All Photos by Carl Morrison,
Lime Kiln Light, San Juan Island, Washington
Cattle Point Light, San Juan Island, Washington
Mukilteo Lighthouse, near Everett, Washington, 1995
Where the California coast turns abruptly east, 250 miles south of
San Francisco, the Point Arguello lighthouse was built in 1901.
Isolated and difficult to supply, it was among the first Pacific
coast lights to be automated. In 1934 it was razed and replaced by an
airport-type beacon atop an iron skeleton tower. A radio beacon was
placed on the point to assist the light in guiding mariners. Located
on Vandenburg Air Force Base, Point Arguello is best seen by rail
passengers riding past the point.
Above 2 photos and text from California
Lighthouses, Point St. George to the Gulf of Santa
Catalina by Bruce Roberts and Ray Jones
This is how the light looks today, from Amtrak's premier train,
The Coast Starlight, Valentine's Day, 1999:
Point Conception Light
1856 and 1882
Some of America's worst coastal weather is where ocean currents
collide at Point Conception--60 miles from Santa Barbara. Because of
the danger to mariners, government officials selected it as one of
the West's first lighthouses. It was constructed in 1854 and put in
operation in 1856.
A second light, shown above, in 1882, was a fifty-two-foot tower
and still guides mariners with its flashing light. The lighthouse is
inaccessible to the public, but from The Coast
Starlight, at least the point can be observed as the train
travels along the coast between L.A. and Seattle.
Pt. Fermin Lighthouse, San Pedro, California, December,
Point Vicente Lighthouse, "Hollywoods Favorite
Lighthouse," Polos Verdes, California, January 9, 1999, 9 a.m.
Old Point Loma Lighthouse, San Diego, California, 1998
Point Loma Light Station, San Diego, California, 1998
Kilauea, Hawaii, Old and New Lights
Portland Head Lighthouse, Cape Elizabeth, Maine
Nubble Light, York Beach, Maine, 1979
Colchester Reef Lighthouse Shelborne Museum, Vermont
If you haven't visited any of the hot links above, you might want to
go back and do that now.
Remember, after visiting those sites, if you wish to
return to this Index page, either bookmark this page now so you can
use it later, or click BACK on your browser to return to this page.
Some VERY GOOD sites that I've found after searching the
internet for "Lighthouses" are:
The only Student Quest Page on lighthouses
that I've found is by Marla Snyder at Santee School,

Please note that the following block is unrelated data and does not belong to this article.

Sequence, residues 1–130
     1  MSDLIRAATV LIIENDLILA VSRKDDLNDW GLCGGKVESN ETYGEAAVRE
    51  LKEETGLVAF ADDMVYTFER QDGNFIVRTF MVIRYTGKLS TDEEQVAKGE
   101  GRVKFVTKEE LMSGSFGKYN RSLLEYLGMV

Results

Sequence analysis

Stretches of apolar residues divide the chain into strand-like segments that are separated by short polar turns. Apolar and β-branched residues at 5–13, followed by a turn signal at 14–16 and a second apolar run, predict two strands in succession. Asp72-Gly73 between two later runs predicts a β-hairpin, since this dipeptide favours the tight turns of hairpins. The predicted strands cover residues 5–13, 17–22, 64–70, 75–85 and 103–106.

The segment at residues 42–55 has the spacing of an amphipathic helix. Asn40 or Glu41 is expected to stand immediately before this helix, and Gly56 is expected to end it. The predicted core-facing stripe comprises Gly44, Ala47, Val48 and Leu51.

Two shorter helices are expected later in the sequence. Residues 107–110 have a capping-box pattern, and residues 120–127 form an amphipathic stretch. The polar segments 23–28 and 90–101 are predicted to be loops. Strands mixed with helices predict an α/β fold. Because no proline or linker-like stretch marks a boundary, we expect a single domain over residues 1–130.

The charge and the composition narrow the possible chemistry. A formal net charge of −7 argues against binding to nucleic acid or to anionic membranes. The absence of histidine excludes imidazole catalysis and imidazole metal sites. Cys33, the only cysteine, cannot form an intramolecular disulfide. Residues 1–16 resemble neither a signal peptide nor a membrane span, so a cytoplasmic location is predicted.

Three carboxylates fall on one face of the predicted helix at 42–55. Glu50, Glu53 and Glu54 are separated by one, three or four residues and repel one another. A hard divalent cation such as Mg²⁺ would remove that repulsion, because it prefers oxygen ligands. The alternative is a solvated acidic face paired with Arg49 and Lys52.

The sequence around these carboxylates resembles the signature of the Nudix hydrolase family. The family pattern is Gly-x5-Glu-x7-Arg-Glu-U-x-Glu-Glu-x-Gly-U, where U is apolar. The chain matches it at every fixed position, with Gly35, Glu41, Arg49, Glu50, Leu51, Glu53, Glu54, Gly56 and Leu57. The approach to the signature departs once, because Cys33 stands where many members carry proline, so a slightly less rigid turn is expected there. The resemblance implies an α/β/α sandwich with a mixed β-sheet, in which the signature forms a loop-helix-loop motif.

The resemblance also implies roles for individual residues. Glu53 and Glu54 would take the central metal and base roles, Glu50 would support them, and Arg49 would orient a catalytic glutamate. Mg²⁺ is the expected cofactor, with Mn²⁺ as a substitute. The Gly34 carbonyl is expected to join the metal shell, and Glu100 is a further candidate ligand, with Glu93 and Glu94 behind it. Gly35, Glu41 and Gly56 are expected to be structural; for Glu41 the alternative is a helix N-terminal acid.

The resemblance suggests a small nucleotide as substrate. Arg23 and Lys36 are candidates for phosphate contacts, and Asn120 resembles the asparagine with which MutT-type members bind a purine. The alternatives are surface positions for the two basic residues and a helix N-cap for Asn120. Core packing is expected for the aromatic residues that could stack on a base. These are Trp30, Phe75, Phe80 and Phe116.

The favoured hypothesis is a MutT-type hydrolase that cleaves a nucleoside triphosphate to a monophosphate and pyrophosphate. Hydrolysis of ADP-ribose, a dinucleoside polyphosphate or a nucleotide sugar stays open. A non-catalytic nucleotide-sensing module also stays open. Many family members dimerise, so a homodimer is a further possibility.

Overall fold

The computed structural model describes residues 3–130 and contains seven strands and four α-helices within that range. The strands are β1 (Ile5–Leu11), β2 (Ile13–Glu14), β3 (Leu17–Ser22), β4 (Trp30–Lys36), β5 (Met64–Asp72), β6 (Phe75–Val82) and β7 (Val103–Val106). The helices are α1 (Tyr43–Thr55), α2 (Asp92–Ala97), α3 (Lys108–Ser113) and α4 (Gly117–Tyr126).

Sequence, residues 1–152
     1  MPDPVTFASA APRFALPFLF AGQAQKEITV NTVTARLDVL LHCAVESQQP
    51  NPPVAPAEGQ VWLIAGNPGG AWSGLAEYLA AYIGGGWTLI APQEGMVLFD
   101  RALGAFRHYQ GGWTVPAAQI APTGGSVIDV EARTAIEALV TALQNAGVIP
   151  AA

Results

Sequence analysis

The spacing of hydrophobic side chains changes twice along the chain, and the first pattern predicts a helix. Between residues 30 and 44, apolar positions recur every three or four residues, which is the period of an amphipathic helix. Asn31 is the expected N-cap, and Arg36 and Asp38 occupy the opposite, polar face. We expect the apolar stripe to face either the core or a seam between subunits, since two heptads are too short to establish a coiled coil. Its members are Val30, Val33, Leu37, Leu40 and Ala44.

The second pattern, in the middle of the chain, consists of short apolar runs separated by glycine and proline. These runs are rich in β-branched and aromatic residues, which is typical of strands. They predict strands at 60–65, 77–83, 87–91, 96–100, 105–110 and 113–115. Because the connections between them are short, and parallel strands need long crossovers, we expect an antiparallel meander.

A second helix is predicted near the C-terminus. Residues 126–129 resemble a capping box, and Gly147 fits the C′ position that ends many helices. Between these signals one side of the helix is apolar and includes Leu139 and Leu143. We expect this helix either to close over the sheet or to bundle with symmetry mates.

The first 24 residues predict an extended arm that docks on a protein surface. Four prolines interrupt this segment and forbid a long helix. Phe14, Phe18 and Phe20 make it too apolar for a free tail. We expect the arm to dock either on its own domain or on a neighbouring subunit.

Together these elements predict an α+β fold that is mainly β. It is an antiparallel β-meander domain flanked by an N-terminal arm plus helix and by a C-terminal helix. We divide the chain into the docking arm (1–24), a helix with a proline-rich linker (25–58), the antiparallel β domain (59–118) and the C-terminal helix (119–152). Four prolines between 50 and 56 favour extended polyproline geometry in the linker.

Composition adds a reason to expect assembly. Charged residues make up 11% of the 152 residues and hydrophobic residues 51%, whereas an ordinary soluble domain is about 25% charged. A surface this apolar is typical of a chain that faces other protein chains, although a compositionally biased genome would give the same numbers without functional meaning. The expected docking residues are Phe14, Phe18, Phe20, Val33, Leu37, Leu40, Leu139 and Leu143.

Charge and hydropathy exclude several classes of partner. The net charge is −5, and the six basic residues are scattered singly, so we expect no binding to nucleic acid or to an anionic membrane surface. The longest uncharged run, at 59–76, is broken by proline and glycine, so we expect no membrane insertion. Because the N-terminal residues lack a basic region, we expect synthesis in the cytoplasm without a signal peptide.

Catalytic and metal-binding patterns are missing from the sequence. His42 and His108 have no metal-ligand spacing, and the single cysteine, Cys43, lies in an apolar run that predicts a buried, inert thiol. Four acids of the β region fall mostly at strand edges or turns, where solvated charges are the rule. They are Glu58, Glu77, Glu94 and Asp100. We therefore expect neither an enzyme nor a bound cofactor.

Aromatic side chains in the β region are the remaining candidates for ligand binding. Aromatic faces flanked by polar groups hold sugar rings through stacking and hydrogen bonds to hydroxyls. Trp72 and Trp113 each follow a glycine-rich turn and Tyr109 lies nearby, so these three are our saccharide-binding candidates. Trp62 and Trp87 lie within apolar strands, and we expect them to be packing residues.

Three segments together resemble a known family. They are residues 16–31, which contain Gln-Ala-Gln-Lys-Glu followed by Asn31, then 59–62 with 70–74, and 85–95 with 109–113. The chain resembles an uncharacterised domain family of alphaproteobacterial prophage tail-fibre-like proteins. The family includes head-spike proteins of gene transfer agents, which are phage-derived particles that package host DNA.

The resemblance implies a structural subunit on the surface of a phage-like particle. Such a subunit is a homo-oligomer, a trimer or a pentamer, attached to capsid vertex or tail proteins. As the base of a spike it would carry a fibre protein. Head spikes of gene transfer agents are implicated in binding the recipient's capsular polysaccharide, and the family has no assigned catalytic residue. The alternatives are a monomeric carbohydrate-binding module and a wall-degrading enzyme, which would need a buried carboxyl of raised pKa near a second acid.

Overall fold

Franklin-McKinley School District, 1313 Audubon Dr., San Jose, CA
The best part of the above site (for me) is the listing of
all California lighthouses with links to the light house's own page,
if they have one, or other's pages about each lighthouse:
The Lighthouse Locator page has pictures and
information on some lighthouses, I haven't researched that site to
know if they are lighthouses the webmaster has visited or more.
Appealing, unique website design:
The National Maritime Initiative office
within the National Park Service (NPS) which specializes in
preserving America's maritime heritage has a site:
Part of the NPS site is called, " Publicly
Accessible Lighthouses: Pacific Coast". Of course you can
branch to other Pacific Coast states and their lighthouses here too.
This a very professional site listing the following: Location:
Nearest City: Owner/Manager: Current Use: Hours Open to the Public:
Access: and Phone: of all sites listed:
Use this URL for all US lighthouses with public access:
A good private page of a couple who have spent what looks like a
lifetime finding and photographing lighthouses is at:
They have an interesting page called: Lighthouses
with Accommodations at:
Another page of Lighthouses offering Accommodations.
This is where I learned of the lighthouse where we first stayed,
Point Arena Light, California:
If you're hooked on lighthouses by now, you might want to check the
home page of the U.S. Lighthouse Society:
With accommodations at Point Arena, I gave my wife the PBS book, and
later bought one of their 3 vidoes, called Legendary
Lighthouses...a VERY professional site: